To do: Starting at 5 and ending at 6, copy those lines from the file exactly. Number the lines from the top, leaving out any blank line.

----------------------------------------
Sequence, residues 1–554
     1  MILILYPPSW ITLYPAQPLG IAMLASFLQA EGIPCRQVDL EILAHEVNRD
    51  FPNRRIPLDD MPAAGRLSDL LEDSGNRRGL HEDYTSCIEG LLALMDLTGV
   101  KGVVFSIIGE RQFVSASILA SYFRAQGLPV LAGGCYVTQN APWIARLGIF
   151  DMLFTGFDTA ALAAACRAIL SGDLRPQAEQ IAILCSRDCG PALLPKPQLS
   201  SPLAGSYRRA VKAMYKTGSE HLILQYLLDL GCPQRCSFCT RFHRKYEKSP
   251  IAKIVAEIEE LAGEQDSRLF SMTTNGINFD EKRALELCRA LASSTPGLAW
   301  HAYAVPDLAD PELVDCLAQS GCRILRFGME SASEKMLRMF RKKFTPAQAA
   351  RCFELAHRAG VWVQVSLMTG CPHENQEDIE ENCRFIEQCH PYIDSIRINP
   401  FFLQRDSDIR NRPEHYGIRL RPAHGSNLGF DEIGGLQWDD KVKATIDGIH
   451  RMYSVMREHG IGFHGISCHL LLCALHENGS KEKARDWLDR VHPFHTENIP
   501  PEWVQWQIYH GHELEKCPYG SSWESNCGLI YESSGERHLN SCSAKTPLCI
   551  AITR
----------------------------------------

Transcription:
   151  DMLFTGFDTA ALAAACRAIL SGDLRPQAEQ IAILCSRDCG PALLPKPQLS
   201  SPLAGSYRRA VKAMYKTGSE HLILQYLLDL GCPQRCSFCT RFHRKYEKSP